Liturgy at the Deathbed

“Into your hands, O merciful Savior, we commend your servant. Acknowledge, we humbly beseech you, a sheep of your own fold, a lamb of your own flock, a sinner of your own redeeming. Receive him into the arms of your mercy, into the blessed rest of everlasting peace, and into the glorious company of the saints in light.”[1]

My grandfather was a steadfast Lutheran. As a first generation American of Swedish descent, so too were his parents before him and his children after him. Lutheranism was an integral part of who he was, and it was an integral aspect of the faith that he passed onto his children and grandchildren. Even in his final years, my grandfather never missed receiving Holy Communion at the stately downtown church. His faith was an odd mixture of quietism and pietism; he was a churchman whose children went on to be either Lutheran pastors and deaconesses, or to marry lutheran pastors. The faith he fostered was one steeped in the liturgy of the church through constant repetitive exposure.

Within recent memory, my grandfather suffered a stroke and passed into eternal rest. As he drew his final breaths assisted by life support in a coma, I was blessed to stand by his bedside. I am young and fortunate to be unfamiliar with the grave, but as I stood at my grandfather’s side, I knew that even those in the room most accustomed to death stood in a foreign environment. The deathbed of a loved one is not, and never should be, familiar. Its reality is a stark reminder of our fallen reality and the truth that we were made for incorruptibility. Death is not natural. Thus, I stood at his side at a loss for words – not conversationally, but palpably. What can we say in such situations? I knew where he was going – my grandfather passed in the hope of the resurrection; but what do pithy epithets mean in the moment of death?

Besides being young, I am a student of theology and a lover of the great liturgical traditions of the Church. I am a postulant for ordination in a liturgical tradition (Anglican Church in North America), and a thankful inheritor of that rich Lutheran traditionalism passed on by my grandfather. Yet, much of my love for liturgy and tradition is theoretical. I have grand ideas regarding the use and import of liturgy, but mostly those ideas are expressed within the confines of my home with an infant and a two year old who remind me often of the tenuous challenges of catechizing a nursing child.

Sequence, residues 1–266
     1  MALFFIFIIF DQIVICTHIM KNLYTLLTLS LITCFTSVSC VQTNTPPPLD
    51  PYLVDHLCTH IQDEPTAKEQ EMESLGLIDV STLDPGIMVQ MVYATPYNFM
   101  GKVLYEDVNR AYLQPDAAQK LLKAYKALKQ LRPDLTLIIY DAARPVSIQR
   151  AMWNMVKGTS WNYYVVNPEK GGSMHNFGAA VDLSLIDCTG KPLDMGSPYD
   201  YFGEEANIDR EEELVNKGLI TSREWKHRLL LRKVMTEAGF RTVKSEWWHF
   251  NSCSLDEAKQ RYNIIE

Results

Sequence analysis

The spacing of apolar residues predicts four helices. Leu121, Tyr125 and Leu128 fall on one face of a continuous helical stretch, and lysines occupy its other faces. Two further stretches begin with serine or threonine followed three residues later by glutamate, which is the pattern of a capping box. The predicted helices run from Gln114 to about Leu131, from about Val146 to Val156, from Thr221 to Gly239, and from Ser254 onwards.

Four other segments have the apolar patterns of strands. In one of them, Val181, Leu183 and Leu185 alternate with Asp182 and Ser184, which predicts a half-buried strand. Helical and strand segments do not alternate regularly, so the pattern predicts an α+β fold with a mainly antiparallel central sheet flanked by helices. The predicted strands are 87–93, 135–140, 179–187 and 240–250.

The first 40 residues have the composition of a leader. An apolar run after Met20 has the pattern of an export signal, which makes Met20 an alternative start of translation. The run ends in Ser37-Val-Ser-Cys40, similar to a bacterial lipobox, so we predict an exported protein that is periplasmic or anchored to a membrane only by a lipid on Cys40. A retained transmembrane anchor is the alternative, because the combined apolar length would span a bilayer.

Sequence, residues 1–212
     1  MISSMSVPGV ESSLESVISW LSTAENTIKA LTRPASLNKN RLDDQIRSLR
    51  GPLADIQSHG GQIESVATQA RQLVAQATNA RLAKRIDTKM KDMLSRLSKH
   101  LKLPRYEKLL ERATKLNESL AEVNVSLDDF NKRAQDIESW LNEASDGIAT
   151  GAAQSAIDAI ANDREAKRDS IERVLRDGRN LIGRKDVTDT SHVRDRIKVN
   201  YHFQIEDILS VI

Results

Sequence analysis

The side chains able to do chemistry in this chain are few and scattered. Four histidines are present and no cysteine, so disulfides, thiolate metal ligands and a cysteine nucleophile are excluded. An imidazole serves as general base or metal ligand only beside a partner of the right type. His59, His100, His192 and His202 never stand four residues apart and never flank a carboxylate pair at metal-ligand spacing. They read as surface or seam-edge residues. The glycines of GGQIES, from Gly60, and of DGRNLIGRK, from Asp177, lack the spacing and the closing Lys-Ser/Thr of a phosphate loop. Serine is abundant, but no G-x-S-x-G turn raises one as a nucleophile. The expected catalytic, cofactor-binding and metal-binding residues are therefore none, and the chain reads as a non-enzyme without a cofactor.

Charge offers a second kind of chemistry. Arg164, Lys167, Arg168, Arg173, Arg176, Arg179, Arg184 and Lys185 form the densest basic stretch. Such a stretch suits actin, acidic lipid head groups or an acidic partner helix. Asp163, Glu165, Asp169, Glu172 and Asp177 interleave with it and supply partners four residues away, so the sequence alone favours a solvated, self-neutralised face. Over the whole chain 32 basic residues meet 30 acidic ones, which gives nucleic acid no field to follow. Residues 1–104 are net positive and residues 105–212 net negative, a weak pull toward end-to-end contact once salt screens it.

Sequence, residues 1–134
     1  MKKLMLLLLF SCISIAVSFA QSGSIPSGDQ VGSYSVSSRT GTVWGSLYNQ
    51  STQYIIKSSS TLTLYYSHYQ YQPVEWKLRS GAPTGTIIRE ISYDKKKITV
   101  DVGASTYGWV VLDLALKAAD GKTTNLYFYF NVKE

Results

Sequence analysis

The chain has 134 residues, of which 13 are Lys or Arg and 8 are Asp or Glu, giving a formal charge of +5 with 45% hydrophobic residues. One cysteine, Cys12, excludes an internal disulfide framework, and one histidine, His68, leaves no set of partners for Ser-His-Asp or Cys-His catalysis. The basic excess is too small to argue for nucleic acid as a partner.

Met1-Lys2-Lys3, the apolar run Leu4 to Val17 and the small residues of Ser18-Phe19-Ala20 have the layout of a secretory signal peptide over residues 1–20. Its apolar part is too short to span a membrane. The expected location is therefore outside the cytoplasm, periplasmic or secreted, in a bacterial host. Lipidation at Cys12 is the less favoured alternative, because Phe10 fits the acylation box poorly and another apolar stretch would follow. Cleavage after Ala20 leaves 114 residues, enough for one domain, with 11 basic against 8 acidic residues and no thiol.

Standing by my grandfather’s bedside my understanding of liturgical catechesis became real rather than theoretical. The presence of Christ entered the room through the presence of my grandfather’s pastor, an unassuming Lutheran minister. Honestly, this man barely knew our family; he had only ministered in his congregation for a month or so, but this did not matter. He knew his role, and he knew that what he brought to that situation was real and objective. It mattered. He was not lost for words because he turned almost instantly to the prayer book in his hand. The pastor set the table in front of us and we turned as one to the Sacrament of Holy Communion. Everyone in that room had grown up with the Lutheran liturgies, and as that old prayer book was read we all entered in; we knew the words he spoke. It did not matter how long it had been since we had last said these words; they were a part of us. The room and environment was utterly foreign, but the liturgy was not. The constant steady phrases grounded us and gave us an objective reality to lean into. We were no longer at the bedside of a dying man – we were in the heavenly throne room feasting at table with cousins and siblings just as much as with my comatose grandfather. It was a thin place where heaven and earth met.

The hope of the resurrection becomes real at the moment of one’s passing. Seeing the frailty of an unresponsive body hooked up to life support imparts an understanding that this is not the end. It is not the telos of life but the gateway to a much more glorious life. But how do we express that? We do not need to, for the tradition of the Church says it for us: “Keep our brother… in the company of all your saints and, at the last, raise him up to share with all your faithful people the endless joy and peace won through the glorious resurrection of Christ our Lord.”[2] The Church spoke for us through her minister and her prayer book as our own words failed us.

As the pastor administered last rites at my grandfather’s passing from darkness into light, I witnessed something that defied any theoretical training on theology and liturgy. The historic liturgies of the church transformed that stark hospital room of death into a place of life and light. The liturgy provided us with structure in a listless moment; it provided us hope in a hopeless case. God is not bound to the liturgy, but through the liturgies of his church he became known to us in a way that was as real as the sacraments are tangible.

For those of us who are parents, whether spiritual or material, this is a lesson we ought to take to heart. I discovered in that hospital room that the fruit of liturgical catechesis is not often realized in the day-to-day moments, nor is it normally recognized in the weekly Eucharistic celebrations. Yet, those daily and weekly liturgies form us in ways that come to bear experientially. The liturgy gives us a lifeline that buoys us up when all else seems to have failed. The ancient prayers of the church embed themselves within us, and speak when we have no words. Do not give up the formational power of the liturgy – lean into it. The gravity of that liturgical catechesis is made manifest at the deathbed.

  1. Lutheran Book of Worship, (Minneapolis: Augsburg Publishing House, 1978), 211.
  2. Lutheran Book of Worship, 212.

Jay Thomas

The Rev. Jay Thomas is the Rector of St. Mark's Anglican Church in Moultrie, Georgia.

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